Aubrey Drake Graham (born October 24, 1986), known mononymously as Drake, is a Canadian rapper, singer, songwriter, record producer, actor, and entrepreneur who has released four full length albums, one EP and two mix tapes has now released a playlist called “More LifeÛ. What is a playlist in the context of releasing music? And more importantly, why? We’ve seen artists change albums before ÛÒ looking at you Kayne ÛÒ so this concept isn’t new or inspired. While the album is critically praised for being a cohesive behemoth of music, it’s still 81 minutes of music. We don’t really need three hours of Drake every two years, even when the combination of hip-hop, dance, and pop offerings on display are as well integrated as they are here.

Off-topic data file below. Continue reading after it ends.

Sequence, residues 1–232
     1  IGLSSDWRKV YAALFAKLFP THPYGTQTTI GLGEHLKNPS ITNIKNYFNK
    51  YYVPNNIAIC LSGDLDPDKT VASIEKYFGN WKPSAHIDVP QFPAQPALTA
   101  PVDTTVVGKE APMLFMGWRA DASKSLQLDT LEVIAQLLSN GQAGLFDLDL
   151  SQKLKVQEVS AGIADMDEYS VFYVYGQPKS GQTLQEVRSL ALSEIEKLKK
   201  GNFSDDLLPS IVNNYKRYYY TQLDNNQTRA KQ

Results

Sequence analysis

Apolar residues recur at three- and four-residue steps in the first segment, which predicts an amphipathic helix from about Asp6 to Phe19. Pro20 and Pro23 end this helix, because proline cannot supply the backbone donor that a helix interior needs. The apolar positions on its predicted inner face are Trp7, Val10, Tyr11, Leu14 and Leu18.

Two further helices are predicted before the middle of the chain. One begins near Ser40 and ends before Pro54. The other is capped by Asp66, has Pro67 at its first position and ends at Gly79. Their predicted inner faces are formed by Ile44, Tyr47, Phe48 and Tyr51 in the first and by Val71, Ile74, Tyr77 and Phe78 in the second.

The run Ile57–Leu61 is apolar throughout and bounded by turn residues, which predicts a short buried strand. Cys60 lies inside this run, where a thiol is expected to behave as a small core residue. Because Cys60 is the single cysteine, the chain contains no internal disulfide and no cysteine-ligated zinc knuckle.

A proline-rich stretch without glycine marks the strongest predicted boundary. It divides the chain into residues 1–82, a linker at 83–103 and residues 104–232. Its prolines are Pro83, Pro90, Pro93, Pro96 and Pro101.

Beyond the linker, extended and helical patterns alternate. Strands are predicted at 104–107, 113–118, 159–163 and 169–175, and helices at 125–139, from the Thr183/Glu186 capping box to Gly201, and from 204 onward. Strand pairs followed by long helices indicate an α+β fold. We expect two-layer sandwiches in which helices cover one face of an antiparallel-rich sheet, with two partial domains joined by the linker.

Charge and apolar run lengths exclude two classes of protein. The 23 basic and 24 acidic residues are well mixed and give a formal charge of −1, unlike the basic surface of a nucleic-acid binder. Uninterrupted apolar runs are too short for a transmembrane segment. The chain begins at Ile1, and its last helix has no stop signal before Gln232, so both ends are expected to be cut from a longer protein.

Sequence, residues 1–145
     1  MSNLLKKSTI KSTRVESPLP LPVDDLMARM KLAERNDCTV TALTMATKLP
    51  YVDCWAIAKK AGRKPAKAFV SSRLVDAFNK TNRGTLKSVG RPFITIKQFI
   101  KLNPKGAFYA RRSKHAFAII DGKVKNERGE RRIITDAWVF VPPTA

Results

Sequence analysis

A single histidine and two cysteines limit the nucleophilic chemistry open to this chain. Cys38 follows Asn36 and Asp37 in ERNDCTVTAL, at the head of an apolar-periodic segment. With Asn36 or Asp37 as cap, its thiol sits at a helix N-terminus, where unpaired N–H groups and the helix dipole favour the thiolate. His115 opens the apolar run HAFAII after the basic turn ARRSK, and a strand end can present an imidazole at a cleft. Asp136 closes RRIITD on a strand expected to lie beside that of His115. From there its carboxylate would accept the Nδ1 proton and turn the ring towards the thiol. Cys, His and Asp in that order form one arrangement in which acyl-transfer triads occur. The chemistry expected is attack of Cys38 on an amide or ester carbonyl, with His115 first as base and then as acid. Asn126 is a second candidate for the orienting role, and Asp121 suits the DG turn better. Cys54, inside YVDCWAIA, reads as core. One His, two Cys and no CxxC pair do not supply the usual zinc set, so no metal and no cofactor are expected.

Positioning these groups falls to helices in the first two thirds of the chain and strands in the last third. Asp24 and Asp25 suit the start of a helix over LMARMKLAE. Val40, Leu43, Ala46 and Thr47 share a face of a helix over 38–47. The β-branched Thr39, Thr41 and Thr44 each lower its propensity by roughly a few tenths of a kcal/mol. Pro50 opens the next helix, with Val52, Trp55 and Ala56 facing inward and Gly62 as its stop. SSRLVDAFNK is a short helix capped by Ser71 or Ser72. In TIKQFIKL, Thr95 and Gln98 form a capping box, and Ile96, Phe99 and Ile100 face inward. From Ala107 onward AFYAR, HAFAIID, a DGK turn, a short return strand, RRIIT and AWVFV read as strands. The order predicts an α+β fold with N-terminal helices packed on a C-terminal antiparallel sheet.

Some argue that the sounds presented on “More Life” are simply more of the same. Drake is working so hard to break out of the rapper mold that he was put in a few album cycles ago. Don’t get me wrong here, the songs on “More Life” are expertly crafted and I personally would be hard pressed to pick which six songs to eliminate to turn this playlist into a standard album length. It’s not the individual songs I find to be overrated but the concept of a commercial playlist in itself. As a longtime college radio kid (three and a half long years) I’ve come to associate tightly curated playlists with kids at parties who want everyone to know how much they love Mac DeMarco and college radio shows that are different every week. The definition of a playlist is, “a list of recorded songs or pieces of music chosen to be broadcast on a radio show or by a particular radio stationÛ. Playlists are not meant to be forever, they are meant to capture a snapshot in time where circumstances lined up to form a specific moment in time. In a time of change and calamity let’s let albums be albums and let the college radio kids control those playlists.